Tidbites | Frasca earns James Beard Foundation award

Lachlan Mackinnon-Patterson, owner of Frasca
Photo by Susan France


Best of Boulder voters knew it. Now the whole nation knows it: The wine list at Frasca’s Food and Wine is exceptional.


The Boulder restaurant has won the award for Outstanding Wine Program from the James Beard Foundation, a nationally respected nonprofit that dishes out annual awards in the restaurant industry. Frasca is the only Colorado restaurant to earn a national honor, and is one of very few not located in New York, San Francisco or Chicago.

Meanwhile, Jennifer Jasinski of Denver’s Rioja was named the best chef in the Southwest region.



Boulder brewery Twisted Pine has revamped its logo, dropping the twisty branch, bringing the tree to center stage and incorporating a Colorado flag. In other Twisted Pine news, the taproom is now open until 10 p.m. Fridays and Saturdays, but, sadly, the much-anticipated Cucumber Cream Ale has been delayed and is still not yet available, although a Twisted Pine employee says it should be released soon.




A new bar and restaurant has taken the place of K’s China in the shopping plaza near the University of Colorado campus. No Entiendo, owned by former K’s China bar manager Kyle McNamara, has begun operating in the space and will have its liquor license transfer application heard by the city’s Beverage Licensing Authority May 15.

K’s China was long shadowed by difficulties with city police and city council, which had targeted the Chinese restaurant for its various alleged alcohol infractions. The liquor licensing board had required K’s China to report monthly food sales, to demonstrate that it was making at least 15 percent of its gross profit from food, as required by the type of liquor license that K’s had. No Entiendo will evidently face the same reporting requirement, as the line item “No Entiendo Food Sales Reports” appears on the agenda for the May 15 BLA hearing.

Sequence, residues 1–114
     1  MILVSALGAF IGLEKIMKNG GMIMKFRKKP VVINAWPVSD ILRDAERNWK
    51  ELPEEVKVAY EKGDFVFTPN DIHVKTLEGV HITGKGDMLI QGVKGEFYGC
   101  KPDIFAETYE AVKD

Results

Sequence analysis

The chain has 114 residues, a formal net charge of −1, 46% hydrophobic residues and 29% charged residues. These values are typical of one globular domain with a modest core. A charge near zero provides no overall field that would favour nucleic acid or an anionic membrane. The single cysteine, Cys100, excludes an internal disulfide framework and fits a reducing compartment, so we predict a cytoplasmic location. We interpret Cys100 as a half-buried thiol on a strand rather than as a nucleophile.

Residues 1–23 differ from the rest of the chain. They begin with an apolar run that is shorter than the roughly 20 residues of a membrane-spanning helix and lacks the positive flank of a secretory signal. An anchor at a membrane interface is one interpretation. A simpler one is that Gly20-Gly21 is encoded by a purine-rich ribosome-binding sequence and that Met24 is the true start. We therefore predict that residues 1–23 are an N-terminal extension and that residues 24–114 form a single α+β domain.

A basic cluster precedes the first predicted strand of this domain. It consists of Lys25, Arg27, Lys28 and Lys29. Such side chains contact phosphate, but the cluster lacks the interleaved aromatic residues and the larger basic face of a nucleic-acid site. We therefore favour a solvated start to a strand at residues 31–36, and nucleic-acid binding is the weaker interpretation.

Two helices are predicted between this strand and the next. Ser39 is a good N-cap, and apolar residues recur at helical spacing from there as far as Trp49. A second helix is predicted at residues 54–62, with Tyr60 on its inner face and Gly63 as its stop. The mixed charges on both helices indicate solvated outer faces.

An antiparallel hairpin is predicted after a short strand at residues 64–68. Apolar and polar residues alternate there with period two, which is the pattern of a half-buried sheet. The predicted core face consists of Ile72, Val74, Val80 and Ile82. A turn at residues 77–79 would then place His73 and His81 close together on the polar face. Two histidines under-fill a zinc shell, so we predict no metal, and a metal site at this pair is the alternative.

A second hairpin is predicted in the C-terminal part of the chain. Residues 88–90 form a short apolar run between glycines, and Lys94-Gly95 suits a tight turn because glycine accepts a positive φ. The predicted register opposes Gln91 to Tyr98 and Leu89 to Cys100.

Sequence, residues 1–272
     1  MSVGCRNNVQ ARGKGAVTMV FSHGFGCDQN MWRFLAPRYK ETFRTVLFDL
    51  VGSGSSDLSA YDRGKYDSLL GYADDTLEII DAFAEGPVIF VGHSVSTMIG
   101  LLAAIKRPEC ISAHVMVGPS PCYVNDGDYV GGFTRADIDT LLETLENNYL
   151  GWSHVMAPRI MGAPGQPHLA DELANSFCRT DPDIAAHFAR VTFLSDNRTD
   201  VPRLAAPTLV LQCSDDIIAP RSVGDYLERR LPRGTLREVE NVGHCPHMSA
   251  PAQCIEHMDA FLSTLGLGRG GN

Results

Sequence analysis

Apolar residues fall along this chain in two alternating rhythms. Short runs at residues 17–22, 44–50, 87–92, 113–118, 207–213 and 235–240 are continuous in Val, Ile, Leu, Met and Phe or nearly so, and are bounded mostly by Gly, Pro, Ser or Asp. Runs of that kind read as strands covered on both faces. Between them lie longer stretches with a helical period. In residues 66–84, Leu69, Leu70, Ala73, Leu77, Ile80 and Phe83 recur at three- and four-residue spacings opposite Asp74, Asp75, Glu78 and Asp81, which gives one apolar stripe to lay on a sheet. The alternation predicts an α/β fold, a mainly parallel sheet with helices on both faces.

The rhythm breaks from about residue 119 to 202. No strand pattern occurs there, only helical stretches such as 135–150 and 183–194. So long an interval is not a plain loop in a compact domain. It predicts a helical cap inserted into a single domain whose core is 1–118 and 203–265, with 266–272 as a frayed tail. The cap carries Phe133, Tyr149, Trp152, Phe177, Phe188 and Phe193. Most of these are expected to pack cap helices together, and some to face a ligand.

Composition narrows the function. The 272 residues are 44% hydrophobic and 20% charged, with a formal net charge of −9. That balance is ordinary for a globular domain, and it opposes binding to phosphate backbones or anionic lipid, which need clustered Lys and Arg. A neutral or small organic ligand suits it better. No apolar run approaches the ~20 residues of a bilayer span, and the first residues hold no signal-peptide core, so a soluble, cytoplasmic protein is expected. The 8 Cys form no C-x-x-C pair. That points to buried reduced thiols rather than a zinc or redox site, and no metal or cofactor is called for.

The city has stated its intention of limiting alcohol abuse by cracking down on restaurants and bars near the university. But many of the city’s restrictions on K’s before it was sold were directed at noise reduction.

No Entiendo is Spanish for “I don’t understand.” The restaurant promises “a fusion of Colorado steez and South American swagger” on its Twitter page, and while its website is being updated, it features the phrase “Eat and drink very soon” in Portuguese.


Mother’s Day — Sunday, May 12, you inattentive dopes — means a slew of special menus and offers from restaurants around town.

Brunch buffets abound; our probably not-comprehensive list includes a brunch buffet 10 a.m. to 2:30 p.m. at the Boulderado; a fixed-price brunch at SALT; a brunch menu at Ristorante L from 11 a.m. to 3 p.m.; a special brunch menu at Gold Hill Inn; a brunch buffet with unlimited mimosas and Bloody Marys at Boulder ChopHouse; a brunch menu at Zolo Grill; a 10 a.m. to 3 p.m. buffet at Thyme on the Creek in the Millennium Hotel; and a buffet at Martini’s Bistro in Longmont from 10 a.m. to 3 p.m., as well as a limited dinner menu from 5 to 8 p.m.

Other specials include a noon to 8 p.m. special menu at Arugula; a free pint for every mother who comes to Twisted Pine’s taproom; a free mimosa to mothers at El Centro; and a lot more we aren’t able to list here.


The Town of Erie Farmers’ Market is opening its season May 11 at a new location, occupying Wells Street between Briggs and Pierce streets in the historic downtown.

The market will be open 8:30 a.m. to 1 p.m. every Saturday and will feature locally grown produce as well as artisan breads and cheeses, ready-to-eat foods, organic coffee and tea, wine and cut flowers. The farmers’ market will also include local fine arts and crafts every other weekend.

Have any food-related news? Send a press release to newsdesk@boulderweekly.com.

Respond: letters@boulderweekly.com